Council reportedly considering selling housing bought for Grenfell survivors

Council reportedly considering selling housing bought for Grenfell survivors

Tuesday, August 7, 2018

Kensington and Chelsea Council is reportedly considering selling some of the houses they bought to rehome Grenfell survivors.

According to Inside Housing, an unnamed council officer sent an email about the homes, which were bought in the aftermath of the Grenfell Tower fire.

A council source told Inside Housing that some of the homes needed a considerable amount of maintenance work, and the email reportedly states: “In some cases it will bring greater benefit to residents if the capital that might be spent in retaining and maintaining an acquired property is invested in developing new social housing.”

A council spokesperson said: ““The council is reviewing the future use of a handful of the 300 homes because, while they meet the needs and preferences of survivors, they may be difficult to maintain as social housing.

“A full and transparent options appraisal will be carried out of each of these properties.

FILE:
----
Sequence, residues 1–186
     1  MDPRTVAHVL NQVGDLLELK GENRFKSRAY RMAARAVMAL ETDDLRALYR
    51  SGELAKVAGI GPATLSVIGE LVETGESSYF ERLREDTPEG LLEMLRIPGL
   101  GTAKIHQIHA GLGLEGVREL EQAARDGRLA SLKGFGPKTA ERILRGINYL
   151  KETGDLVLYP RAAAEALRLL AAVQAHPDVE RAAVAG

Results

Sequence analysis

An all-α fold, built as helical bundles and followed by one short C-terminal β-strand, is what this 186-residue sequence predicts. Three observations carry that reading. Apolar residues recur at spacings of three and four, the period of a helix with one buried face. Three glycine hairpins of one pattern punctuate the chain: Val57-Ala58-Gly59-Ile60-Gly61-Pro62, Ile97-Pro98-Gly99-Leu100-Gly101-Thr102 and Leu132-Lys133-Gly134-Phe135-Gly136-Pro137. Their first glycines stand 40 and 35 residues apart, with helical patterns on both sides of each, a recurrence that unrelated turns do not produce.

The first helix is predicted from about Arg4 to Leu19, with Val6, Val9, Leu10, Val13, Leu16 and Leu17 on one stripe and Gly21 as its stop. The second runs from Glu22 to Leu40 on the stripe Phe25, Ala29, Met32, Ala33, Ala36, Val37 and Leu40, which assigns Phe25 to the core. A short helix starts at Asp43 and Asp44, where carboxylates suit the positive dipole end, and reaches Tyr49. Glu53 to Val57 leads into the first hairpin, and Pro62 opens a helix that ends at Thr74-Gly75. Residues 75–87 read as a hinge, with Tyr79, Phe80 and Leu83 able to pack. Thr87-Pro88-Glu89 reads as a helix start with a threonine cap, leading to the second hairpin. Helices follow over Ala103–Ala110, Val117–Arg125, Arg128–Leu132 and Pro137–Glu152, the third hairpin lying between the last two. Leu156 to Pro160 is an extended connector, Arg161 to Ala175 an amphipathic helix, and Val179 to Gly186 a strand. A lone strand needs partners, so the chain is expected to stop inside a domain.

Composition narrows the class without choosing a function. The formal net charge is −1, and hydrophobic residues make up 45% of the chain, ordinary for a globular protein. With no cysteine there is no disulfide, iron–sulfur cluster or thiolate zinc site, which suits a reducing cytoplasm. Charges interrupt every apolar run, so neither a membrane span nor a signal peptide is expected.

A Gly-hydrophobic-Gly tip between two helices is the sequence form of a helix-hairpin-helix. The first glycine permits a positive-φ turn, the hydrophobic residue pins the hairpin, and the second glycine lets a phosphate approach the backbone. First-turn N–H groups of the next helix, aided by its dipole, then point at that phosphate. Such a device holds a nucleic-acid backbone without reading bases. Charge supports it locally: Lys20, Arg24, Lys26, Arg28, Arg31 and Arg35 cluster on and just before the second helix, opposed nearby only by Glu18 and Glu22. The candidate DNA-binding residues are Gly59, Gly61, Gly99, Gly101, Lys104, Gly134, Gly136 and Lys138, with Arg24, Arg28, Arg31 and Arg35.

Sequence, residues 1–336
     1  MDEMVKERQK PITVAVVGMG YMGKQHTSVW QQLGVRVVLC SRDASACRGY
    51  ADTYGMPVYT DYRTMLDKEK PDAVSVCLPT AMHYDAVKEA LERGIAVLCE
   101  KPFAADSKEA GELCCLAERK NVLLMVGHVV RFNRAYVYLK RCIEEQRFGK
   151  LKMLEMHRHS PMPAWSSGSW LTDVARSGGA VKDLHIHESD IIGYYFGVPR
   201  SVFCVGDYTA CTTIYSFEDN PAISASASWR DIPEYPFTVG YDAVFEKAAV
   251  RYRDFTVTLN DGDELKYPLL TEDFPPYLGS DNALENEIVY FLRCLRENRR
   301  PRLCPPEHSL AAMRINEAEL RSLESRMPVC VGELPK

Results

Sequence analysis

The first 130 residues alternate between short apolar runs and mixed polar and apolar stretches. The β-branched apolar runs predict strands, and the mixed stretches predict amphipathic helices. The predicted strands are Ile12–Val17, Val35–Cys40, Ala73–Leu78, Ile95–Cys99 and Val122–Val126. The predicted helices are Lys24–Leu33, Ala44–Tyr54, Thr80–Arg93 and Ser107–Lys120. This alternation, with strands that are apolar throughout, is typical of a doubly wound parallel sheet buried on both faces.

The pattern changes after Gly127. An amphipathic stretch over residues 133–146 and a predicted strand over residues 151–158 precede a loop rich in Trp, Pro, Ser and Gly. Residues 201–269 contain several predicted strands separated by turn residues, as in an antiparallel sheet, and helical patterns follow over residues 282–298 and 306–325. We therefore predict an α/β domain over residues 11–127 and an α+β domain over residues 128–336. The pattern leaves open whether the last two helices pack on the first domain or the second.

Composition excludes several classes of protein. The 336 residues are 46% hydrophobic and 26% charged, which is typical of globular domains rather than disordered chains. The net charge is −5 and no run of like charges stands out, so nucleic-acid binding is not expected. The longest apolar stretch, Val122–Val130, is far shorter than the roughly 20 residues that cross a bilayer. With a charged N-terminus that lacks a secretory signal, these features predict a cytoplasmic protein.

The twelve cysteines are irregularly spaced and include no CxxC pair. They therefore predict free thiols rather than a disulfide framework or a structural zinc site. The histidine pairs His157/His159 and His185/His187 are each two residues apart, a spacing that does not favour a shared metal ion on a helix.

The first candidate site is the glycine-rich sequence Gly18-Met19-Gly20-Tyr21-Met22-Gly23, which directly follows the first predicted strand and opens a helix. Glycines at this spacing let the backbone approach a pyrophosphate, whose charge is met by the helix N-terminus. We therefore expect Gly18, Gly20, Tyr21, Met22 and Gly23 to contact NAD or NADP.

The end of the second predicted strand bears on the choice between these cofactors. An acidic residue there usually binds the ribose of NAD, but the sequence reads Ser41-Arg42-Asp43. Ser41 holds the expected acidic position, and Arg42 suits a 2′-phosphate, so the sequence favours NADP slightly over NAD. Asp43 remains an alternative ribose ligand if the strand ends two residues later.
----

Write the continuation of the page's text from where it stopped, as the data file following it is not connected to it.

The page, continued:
“One of the options may be to sell a property and use the money to reinvest in new social housing homes in the borough. No decision has been taken at this point.”

talkRADIO has contacted the council for further comment.

Deputy council leader Kim Taylor-Smith told talkRADIO shortly after the anniversary of the fire in June that the council had spent £220 million on acquiring 307 homes, and that 82 families out of the 203 that lost their homes are now in permanent accommodation.

“We were spending about £800,000 per home because it was important to us to buy good quality homes,” Taylor-Smith said.

He added that work was being done on the houses to modify them to meet survivors’ needs. “We’re doing a lot of additional work to make sure it meets their needs, like taking gas out and putting sprinklers in. In total, over 90% of the survivors and bereaved families have selected a home,” he said.

Housing Secretary James Brokenshire said at the time that 43 families remained in hotels, and other reports suggested the number still in temporary accommodation could be even higher.